Jomo Kenyatta International Airport in Nairobi. Kenya Airways has pulled out of plans to take over management of the airport. [Photo/Business Today/File]
Jomo Kenyatta International Airport in Nairobi. Kenya Airways has pulled out of plans to take over management of the airport. [Photo/Business Today/File]

The African development Bank (AfDB) has approved a Ksh 16.5 billion (US$160m) loan for the expansion of  Jomo Kenyatta International Airport (JKIA) providing a major boost to Kenya’s efforts to make Nairobi an aviation hub.

The project entails construction of a 4.9-km second runway to International Civil Aviation Organisation (ICAO) Category II standards, including connecting taxiways, additional parking stands for aircraft, and an air rescue firefighting unit.

The existing single runway is operating at Category Flights Conditions level one (CAT-I) with a width of 45m and 4.1 km long. The 2nd runway will support more air traffic and facilitate increased tourism and business travel and expedite a two-way cargo traffic,” says Amadou Oumarou, Director at AfDB’s Infrastructure, Cities and Urban Development who worked on the project.

The project is designed to improve reliability of air transport to and from JKIA by reducing delays at peak hours and costly flight diversions arising from incidences on the existing runway, as well as the configuration of the existing single runway facility that impede the airports operational efficiency.

In so doing, the project will enhance regional integration and expand international trade via improved regional and international air connectivity, as well as facilitate high-value exports and imports, increase tourist earnings, and advance Kenya’s economy towards the middle-income status.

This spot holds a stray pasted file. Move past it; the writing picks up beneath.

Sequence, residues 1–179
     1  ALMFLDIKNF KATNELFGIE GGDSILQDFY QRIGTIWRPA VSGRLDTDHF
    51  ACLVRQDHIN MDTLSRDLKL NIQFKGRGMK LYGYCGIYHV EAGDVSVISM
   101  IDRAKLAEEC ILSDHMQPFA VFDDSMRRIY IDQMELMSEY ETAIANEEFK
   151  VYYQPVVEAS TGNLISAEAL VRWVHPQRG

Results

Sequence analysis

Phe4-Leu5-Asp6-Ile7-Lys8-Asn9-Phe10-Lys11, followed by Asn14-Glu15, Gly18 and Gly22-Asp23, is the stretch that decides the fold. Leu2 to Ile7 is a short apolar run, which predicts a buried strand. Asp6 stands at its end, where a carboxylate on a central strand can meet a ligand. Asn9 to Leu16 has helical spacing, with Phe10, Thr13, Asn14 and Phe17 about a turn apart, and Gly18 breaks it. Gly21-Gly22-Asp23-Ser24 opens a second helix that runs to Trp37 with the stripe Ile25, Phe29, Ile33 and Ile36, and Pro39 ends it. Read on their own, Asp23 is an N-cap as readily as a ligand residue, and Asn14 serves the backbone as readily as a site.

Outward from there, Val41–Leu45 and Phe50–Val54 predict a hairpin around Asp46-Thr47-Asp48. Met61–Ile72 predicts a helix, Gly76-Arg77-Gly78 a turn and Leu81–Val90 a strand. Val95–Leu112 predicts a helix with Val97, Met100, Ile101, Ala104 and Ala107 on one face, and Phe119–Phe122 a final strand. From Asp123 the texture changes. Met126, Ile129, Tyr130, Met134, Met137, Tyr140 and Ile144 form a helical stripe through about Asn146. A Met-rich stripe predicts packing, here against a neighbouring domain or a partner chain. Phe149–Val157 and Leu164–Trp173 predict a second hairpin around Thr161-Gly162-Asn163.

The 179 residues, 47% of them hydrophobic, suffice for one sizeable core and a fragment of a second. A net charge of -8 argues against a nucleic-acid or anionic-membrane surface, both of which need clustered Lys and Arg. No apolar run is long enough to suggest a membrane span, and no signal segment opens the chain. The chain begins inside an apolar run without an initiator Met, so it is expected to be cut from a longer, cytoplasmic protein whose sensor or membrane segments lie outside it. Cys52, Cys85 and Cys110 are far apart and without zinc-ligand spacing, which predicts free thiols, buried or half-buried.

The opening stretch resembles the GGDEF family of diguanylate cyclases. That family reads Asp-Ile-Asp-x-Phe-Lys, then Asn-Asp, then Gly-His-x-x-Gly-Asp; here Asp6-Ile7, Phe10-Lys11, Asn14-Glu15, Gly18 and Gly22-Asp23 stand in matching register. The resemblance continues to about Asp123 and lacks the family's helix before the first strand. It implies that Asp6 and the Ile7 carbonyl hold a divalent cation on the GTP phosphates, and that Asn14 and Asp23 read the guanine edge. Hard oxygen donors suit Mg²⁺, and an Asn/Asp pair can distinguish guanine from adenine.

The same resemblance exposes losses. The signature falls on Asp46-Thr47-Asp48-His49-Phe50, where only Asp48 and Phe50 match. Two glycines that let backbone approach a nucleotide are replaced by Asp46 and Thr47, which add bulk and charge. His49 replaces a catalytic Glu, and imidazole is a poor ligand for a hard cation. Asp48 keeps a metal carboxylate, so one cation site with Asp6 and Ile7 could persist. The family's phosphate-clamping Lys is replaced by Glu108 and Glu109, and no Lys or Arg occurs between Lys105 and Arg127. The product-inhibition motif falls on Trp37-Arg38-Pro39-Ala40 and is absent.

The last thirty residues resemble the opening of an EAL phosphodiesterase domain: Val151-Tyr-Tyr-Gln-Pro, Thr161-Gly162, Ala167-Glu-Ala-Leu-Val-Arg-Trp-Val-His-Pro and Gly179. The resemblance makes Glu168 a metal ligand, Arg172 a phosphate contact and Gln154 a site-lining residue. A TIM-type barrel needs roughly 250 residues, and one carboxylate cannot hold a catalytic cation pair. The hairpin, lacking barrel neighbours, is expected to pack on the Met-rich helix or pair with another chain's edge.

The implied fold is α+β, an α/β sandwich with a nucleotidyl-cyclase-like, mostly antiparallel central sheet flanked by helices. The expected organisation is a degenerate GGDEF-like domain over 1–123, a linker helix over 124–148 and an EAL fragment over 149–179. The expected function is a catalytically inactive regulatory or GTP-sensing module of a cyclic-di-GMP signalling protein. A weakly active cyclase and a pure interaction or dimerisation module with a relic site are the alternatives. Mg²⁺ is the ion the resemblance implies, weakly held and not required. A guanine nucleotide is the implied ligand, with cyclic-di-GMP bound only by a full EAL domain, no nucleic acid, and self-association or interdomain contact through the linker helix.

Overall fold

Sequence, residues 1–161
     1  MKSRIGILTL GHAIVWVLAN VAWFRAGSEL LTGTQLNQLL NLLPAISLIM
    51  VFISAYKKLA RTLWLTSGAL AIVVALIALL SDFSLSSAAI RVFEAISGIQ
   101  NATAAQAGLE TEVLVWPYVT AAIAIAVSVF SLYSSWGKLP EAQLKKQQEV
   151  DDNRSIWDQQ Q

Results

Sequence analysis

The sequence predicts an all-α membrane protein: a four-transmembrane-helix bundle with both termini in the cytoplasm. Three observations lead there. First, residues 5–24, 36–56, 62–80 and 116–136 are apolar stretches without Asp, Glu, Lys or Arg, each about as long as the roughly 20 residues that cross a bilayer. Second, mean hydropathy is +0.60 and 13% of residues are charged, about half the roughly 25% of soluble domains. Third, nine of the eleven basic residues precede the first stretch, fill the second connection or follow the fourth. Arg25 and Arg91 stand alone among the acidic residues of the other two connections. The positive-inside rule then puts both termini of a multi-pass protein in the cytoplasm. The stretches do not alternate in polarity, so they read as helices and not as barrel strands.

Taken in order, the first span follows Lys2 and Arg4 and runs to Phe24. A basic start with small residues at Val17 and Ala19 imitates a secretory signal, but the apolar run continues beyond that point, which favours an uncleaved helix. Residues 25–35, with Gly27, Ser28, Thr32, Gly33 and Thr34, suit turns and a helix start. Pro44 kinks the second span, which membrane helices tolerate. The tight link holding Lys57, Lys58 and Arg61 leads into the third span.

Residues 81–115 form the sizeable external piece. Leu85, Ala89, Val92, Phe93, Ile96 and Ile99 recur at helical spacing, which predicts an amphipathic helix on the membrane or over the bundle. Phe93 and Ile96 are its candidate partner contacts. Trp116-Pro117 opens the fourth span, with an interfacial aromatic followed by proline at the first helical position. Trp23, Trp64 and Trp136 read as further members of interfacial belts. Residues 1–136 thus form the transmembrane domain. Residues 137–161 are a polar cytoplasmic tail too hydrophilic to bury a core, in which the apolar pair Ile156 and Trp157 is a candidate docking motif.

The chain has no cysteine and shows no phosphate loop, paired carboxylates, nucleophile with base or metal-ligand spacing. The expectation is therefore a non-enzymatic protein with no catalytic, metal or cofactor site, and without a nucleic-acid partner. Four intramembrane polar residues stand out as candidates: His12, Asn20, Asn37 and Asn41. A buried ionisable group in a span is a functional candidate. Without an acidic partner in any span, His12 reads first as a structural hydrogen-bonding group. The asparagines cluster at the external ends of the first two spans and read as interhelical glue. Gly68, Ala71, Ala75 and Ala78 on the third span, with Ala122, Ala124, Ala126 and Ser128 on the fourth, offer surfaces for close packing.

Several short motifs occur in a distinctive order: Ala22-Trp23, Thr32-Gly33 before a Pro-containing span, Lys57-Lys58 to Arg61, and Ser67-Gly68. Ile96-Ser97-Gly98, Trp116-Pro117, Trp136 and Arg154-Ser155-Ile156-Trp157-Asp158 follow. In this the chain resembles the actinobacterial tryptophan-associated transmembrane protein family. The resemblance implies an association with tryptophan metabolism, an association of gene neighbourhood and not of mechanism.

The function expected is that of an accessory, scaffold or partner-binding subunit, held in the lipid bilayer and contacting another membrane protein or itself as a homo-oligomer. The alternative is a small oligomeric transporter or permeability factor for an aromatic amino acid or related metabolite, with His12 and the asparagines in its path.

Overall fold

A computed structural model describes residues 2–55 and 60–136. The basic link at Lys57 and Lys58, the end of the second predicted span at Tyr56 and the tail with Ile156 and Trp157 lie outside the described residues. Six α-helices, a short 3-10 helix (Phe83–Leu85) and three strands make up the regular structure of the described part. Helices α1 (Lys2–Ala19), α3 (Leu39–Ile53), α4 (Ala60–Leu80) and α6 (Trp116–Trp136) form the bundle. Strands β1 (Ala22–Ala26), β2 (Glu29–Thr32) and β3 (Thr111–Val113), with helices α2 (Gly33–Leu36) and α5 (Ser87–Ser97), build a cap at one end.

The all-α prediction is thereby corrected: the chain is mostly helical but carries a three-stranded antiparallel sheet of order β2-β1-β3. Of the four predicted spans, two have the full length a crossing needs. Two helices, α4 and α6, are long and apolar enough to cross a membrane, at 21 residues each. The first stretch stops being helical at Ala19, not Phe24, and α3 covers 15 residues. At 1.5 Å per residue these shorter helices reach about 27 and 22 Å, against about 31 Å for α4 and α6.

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Furthermore, the project will significantly improve resilience and airport capacity to enable direct intercontinental flights to North America and Australia. This is expected to increase access for Kenyan floricultural produce to new markets.

As part of the airport’s broader  expansion and modernization set forth in the JKIA 2010 Master Plan, the project ties in with the development objectives and priorities of the government’s Vision 2030,  the Bank’s strategy and the Hi-5 priorities all of which lend support to projects that enhance economic efficiency, regional integration, and facilitate international trade.

On completion, the project will significantly increase tourism and business travel annually by 4.2% between 2026 and 2052, while two-way cargo traffic is projected to annually grow by 5.1% over the same period. Together, growth arising from aviation, tourism, and floriculture, is estimated to generate about Ksh 155 million (US$ 1.5m) jobs and add approximately Ksh 2.34 trillion (US$ 22.7b) (estimated as at 2016) in added-value to the national GDP.


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